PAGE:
• 8. Race in the Marketplace: Postmodern Passing and Ali G / Ana Cristina Mendes
  • 9. Passing for Black, White, and Jewish: Mixed-Race Identity in Rebecca Walker and Danzy Senna / Lori Harrison-Kahan
  • 10. Smiling Faces: Chameleon Street, Racial Passing/Performativity, and Film Blackness / Michael B. Gillespie
  • 11. Consuming Performances: Race, Media, and the Failure of the Cultural Mulatto in Bamboozled and Erasure / Meredith McCarroll
  • Bibliography
  • Contributor Biographies
  • Index
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The Family Flamboyant: Race Politics, Queer Families, Jewish Lives

Posted in Books, Family/Parenting, Gay & Lesbian, Judaism, Media Archive, Monographs, Religion, United States on 2013-01-01 20:35Z by Steven

The Family Flamboyant: Race Politics, Queer Families, Jewish Lives

SUNY Press
October 2006
244 pages
Hardback ISBN10: 0-7914-6893-3; ISBN13: 978-0-7914-6893-7
Paperback ISBN10: 0-7914-6894-1; ISBN13: 978-0-7914-6894-4
eBook ISBN10: 0-7914-8106-9; ISBN13: 978-0-7914-8106-6

Marla Brettschneider, Professor of Political Philosophy, Feminist Theory, Political Science & Women’s Studies
University of New Hampshire

Winner of a Bronze Medal in the Gay/Lesbian Category of the 2007 Independent Publisher Book Awards

Interrogates the normative heterosexual family from feminist, Jewish, and queer perspectives.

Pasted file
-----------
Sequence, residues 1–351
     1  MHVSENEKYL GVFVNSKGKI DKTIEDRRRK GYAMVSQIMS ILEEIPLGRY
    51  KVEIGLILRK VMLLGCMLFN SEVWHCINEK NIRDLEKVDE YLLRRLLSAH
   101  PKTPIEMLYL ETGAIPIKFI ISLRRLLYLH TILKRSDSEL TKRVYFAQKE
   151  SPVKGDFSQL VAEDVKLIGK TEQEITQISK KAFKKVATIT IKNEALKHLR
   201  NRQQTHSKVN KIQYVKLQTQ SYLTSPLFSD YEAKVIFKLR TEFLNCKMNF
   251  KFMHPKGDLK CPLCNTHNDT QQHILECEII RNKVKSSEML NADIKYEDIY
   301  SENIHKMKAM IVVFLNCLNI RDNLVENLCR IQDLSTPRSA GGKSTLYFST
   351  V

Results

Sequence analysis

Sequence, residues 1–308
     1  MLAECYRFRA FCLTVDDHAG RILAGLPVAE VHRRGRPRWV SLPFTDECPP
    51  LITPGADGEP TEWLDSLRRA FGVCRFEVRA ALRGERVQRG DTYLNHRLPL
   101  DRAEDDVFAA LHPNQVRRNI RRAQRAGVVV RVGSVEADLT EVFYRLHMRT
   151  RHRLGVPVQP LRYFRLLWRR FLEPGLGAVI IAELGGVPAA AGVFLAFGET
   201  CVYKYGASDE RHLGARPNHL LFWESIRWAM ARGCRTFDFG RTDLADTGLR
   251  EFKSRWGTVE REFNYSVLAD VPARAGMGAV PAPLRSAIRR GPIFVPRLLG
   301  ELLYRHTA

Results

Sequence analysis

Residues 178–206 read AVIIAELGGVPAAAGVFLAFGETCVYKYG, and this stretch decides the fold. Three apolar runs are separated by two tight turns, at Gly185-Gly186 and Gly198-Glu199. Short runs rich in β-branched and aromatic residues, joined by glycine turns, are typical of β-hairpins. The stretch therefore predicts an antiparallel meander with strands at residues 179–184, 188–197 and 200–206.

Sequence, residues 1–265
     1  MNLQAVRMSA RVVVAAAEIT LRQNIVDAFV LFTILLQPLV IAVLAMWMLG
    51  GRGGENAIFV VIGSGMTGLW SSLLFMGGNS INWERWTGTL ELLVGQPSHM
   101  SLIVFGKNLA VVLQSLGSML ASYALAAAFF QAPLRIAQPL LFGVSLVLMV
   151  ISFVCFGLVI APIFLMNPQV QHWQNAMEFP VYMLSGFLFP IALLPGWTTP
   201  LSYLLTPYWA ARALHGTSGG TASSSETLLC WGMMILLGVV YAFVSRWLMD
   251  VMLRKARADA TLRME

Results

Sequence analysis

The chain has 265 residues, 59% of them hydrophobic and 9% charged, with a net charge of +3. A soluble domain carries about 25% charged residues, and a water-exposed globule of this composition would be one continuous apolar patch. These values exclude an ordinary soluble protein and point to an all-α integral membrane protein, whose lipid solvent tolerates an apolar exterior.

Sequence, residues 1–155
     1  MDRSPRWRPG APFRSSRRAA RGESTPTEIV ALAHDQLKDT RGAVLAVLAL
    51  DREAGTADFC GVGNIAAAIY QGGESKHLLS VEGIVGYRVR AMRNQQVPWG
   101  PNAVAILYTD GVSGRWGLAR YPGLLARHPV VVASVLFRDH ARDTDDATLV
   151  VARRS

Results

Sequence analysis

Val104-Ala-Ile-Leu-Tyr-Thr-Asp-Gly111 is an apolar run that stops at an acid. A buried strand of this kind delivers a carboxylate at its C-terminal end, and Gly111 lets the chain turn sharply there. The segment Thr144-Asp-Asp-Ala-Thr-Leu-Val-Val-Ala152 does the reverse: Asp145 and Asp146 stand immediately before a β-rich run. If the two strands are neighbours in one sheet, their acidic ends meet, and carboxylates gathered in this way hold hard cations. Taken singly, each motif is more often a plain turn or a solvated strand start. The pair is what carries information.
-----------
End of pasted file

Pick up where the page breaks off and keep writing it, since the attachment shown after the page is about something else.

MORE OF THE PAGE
The Family Flamboyant is a graceful and lucid account of the many routes to family formation. Weaving together personal experience and political analysis in an examination of how race, gender, sexuality, class, and other hierarchies function in family politics, Marla Brettschneider draws on her own experience in a Jewish, multiracial, adoptive, queer family in order to theorize about the layered realities that characterize families in the United States today. Brettschneider uses critical race politics, feminist insight, class-based analysis, and queer theory to offer a distinct and distinctly Jewish contribution to both the family debates and the larger project of justice politics.

Table of Contents

  • Acknowledgments
  • Introduction: K-I-S-S-I-N-G
  • 1. Whitens Whites, Keeps Colors Bright: Jewish Families Queering the Race Project
  • 2. Jew Dykes Adopting Children: A Guide to the Perplexed
  • 3. Going Natural: The Family Has No Clothes
  • 4. Questing for Heart in a Heartless World: Jewish Feminist Ruminations on Monogamy and Marriage
  • Epilogue: Justice and La Vida Jew . . . in Technicolor Queer
  • Notes
  • Bibliography
  • Index
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The Browning of America and the Evasion of Social Justice

Posted in Books, Media Archive, Monographs, Philosophy, United States on 2012-08-26 01:54Z by Steven

The Browning of America and the Evasion of Social Justice